A year ago, Orlando Police Officer Jonathan Mills was reassigned from the department’s elite tactical squad to patrol duty for making a rude, biased remark about a woman’s hair. He was also the subject of two very serious excessive force lawsuits settled in 2017 that cost the city $130,000.
Mills received an oral reprimand for his conduct during a March 2016 traffic stop in Parramore, Fla. His partner pulled a Black woman who was suspected of buying drugs out of her car when she refused to get off the phone.
Mills was recorded by his own body camera telling people watching the arrest that they didn’t know how to buy a house and his house was “bigger than these two buildings combined.”
He also told a Black woman, “That hairdo is sad. You’ve got to get your hair done, girl.”
After those remarks were seen, Internal Affairs Manager Dwain Rivers called Mills’ behavior embarrassing and said it reflected poorly on the department. He was basically demoted after that.
Mills was also accused of serious violence. In one of the two cases that turned into a lawsuit, a man alleged Mills reached down the back of his pants and sexually assaulted him while looking for drugs during a 2014 traffic stop. In the other, another man accused Mills of slamming him to the ground for no reason during an October 2013 traffic stop.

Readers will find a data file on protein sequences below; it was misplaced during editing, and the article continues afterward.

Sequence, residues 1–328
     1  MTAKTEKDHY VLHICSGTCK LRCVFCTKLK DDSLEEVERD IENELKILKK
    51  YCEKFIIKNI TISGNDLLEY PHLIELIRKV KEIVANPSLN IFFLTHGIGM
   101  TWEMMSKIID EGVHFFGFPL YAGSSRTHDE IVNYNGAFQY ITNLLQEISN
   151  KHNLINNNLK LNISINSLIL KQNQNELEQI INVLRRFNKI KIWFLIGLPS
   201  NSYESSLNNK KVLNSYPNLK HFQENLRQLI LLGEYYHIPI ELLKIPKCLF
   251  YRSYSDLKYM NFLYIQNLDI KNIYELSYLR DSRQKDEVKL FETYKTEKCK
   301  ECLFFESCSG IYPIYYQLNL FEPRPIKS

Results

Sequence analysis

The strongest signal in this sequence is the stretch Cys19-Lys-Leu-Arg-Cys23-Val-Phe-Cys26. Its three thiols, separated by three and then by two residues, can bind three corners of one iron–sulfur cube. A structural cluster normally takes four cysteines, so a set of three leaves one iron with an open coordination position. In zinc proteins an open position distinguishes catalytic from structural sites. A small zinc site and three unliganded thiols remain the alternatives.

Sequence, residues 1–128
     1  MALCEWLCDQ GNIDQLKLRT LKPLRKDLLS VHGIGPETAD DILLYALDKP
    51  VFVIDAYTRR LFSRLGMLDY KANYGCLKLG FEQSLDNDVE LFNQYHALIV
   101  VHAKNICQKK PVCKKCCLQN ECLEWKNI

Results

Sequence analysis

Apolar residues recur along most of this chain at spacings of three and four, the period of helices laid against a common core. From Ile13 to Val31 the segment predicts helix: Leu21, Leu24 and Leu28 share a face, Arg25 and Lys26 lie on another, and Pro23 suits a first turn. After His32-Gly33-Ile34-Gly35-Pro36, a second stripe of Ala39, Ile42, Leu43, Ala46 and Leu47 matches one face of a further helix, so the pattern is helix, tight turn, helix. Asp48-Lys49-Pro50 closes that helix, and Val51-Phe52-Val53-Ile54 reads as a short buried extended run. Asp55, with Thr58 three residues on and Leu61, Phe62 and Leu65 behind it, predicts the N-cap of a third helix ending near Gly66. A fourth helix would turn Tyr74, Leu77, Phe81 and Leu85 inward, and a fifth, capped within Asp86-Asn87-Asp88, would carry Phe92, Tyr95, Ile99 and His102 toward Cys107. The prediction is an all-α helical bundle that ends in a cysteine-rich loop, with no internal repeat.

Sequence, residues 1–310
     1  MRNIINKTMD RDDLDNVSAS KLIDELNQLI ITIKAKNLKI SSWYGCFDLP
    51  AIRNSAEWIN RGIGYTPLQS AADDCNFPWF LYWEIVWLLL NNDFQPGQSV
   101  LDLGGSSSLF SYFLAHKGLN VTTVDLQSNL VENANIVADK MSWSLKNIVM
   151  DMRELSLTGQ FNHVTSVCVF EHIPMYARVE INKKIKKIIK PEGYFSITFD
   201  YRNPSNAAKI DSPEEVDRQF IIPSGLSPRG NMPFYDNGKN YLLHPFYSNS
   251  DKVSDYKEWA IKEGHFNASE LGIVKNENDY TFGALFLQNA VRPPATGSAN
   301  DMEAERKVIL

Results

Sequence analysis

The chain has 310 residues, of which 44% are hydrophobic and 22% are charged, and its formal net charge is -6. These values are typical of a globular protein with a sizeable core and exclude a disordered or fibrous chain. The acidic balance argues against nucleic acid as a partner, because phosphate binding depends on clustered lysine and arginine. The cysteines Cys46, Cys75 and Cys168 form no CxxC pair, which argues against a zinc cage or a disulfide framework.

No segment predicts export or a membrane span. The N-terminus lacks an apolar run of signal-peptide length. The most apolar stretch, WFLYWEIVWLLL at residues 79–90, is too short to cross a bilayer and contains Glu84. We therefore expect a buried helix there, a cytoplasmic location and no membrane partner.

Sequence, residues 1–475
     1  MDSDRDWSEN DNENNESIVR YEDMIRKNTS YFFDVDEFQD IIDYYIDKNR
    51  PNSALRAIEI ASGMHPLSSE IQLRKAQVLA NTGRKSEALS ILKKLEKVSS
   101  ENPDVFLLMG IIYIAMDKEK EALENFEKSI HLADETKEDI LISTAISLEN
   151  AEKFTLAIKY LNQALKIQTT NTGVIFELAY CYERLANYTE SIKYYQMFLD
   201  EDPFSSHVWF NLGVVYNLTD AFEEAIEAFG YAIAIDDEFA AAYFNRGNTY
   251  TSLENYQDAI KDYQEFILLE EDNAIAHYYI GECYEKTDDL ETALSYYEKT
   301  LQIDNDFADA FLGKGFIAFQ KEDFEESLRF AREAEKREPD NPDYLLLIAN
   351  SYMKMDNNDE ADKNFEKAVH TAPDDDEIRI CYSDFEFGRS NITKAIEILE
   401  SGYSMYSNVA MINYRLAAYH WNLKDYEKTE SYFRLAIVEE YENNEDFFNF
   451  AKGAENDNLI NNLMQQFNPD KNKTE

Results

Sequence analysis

Despite all of that, in February Mills received an award “for being the most proactive member of his squad” and being a leader and motivator to squad mates, according to the department’s annual report.
After the Orlando Sentinel realized that Mills had received this award, Orlando police Chief Orlando Rolón said he is reviewing how the department hands out its annual awards.
“We routinely evaluate our policies and procedures and in this specific area, I decided that we need to improve our selection and evaluation process when it comes to awards… Going forward, I will be working with my command staff as we go through our awards policies and we will be implementing changes to those policies to ensure that the entire process is beyond reproach,” Rolón told the Orlando Sentinel.